Boehner said that everything should be on the table except raising taxes. This plays well to conservative voters. But where is this table? Whenever the debate over the annual budget gets laid on the table, the specific cuts are not made. Boehner said we must now look at "the big picture." Indeed, we should. But Congress never does. Congressmen look at the small picture: the swing voters in their districts. These voters can usually make or break a re-election campaign. So, the Congressman seeks to retain the swing voters who elected him two years earlier while not losing his core constituency. He does not want voters to defect to his rival. So, he dares not propose specific cuts. Specific cuts alienate specific swing voters.
He said that Congress must not kick the can. But he announced that it must kick the can on the debt ceiling this time. When a politician says that Congress must not kick the can, but then says it must kick the can this time, so that it won't have to kick it next time, he is saying that Congress will kick the can. This never changes. Politicians can call for deficit cuts in general. But there are never cuts in general. There are only cuts in particular. These do not get made.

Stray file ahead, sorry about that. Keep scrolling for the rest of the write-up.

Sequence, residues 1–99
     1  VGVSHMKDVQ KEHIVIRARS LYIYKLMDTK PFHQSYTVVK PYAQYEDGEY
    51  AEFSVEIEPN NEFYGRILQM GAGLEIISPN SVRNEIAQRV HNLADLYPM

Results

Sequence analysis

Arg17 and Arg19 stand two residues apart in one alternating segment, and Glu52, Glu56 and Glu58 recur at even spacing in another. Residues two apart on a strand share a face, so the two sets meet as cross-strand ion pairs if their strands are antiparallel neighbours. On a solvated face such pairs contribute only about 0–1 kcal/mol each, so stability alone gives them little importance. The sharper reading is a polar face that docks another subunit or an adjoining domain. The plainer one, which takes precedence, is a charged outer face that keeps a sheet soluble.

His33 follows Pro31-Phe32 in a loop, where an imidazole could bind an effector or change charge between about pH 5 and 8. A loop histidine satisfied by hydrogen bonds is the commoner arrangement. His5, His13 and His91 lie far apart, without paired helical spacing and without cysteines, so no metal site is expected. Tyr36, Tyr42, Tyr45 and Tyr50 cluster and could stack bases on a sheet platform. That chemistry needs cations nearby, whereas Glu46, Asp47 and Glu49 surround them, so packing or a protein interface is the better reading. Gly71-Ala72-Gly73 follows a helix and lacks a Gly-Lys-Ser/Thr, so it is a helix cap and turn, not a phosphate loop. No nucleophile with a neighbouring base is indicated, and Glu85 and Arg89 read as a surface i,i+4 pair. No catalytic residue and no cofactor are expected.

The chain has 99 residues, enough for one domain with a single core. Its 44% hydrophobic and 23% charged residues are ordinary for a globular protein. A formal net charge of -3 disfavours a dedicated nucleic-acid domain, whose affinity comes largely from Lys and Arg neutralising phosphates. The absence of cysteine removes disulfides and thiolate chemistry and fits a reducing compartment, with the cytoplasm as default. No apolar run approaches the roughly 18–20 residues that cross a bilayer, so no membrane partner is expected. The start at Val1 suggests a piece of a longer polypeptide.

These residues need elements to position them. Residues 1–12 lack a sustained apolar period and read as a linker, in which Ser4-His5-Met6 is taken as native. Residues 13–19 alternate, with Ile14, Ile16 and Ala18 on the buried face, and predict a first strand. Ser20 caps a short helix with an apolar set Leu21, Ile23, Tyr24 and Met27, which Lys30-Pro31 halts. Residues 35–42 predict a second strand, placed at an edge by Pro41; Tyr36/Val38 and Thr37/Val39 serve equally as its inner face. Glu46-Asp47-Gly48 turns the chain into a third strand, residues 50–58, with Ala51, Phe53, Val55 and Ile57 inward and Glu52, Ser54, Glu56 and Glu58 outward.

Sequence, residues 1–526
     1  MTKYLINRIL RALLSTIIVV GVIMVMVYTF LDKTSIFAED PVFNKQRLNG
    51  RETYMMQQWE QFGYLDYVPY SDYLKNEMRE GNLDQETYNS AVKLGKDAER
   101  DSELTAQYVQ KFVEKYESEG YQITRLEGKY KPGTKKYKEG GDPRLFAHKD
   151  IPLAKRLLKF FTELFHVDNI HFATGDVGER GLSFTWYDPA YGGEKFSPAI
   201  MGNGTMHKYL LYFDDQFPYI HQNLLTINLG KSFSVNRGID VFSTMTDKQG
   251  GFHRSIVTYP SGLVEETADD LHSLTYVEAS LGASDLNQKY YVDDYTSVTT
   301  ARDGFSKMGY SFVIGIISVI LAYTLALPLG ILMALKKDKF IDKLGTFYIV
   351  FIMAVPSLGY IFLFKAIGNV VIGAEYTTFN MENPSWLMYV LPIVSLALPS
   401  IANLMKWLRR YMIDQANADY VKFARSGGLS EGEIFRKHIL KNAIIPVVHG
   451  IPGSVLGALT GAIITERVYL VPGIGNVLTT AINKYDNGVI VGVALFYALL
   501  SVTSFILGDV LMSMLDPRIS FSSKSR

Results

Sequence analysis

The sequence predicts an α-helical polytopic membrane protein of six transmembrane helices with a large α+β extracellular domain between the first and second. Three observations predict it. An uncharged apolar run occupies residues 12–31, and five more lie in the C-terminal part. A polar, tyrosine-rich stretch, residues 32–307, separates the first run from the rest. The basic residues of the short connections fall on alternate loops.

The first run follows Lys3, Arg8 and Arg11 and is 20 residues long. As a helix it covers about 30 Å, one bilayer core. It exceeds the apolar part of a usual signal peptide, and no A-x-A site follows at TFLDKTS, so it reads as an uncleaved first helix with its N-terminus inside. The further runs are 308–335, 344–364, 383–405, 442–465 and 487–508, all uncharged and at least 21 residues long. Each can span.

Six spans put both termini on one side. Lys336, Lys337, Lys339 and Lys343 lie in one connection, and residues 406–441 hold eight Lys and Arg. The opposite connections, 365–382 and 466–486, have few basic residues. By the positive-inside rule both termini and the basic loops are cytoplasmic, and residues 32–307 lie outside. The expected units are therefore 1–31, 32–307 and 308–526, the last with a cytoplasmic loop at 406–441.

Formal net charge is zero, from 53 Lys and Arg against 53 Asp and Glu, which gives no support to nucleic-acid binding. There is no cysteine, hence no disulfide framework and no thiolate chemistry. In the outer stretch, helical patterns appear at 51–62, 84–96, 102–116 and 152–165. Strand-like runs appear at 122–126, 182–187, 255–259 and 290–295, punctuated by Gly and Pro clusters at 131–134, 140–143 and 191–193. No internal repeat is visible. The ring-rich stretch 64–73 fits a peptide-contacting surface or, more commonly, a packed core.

YOUR FAMILY'S STORM SHELTER: A tornado is like specific budget cuts. No one knows in advance whose house will be blown away. Some families buy houses with storm shelters. But hardly anyone ever builds a home. Most families are barely getting buy. They spend as much as they bring in after taxes and mortgage. They do not make specific cuts in spending deep enough to build up a reserve. So, they do not prepare storm shelters. They kick the can. They imitate Congress.
Do you need gold coins? Yes. Do you need a back-up plan if you lose your job? Yes. Do you need a network of people who might be able to find you a job? Yes. Do you need a side business? Probably. Do you need skills that can be transferred to a new line of work? Yes. Do you need a plan to make sure you stay on the short list of "must not fire"? Yes. Are you actively building your financial storm shelter?
CONCLUSION: Congressmen talk about the need to reduce the deficit. Talk is cheap. Voters talk about the need to clean house in Congress. But it never happens. Remember Arnold Schwarzenegger and his broom? He has departed. I don't know where the broom is. The fiscal Augean stables remain. When the tornado of selective default comes, you need to be in your storm shelter. Maybe your house will be blown away. Maybe not. But don't be inside it when you find out."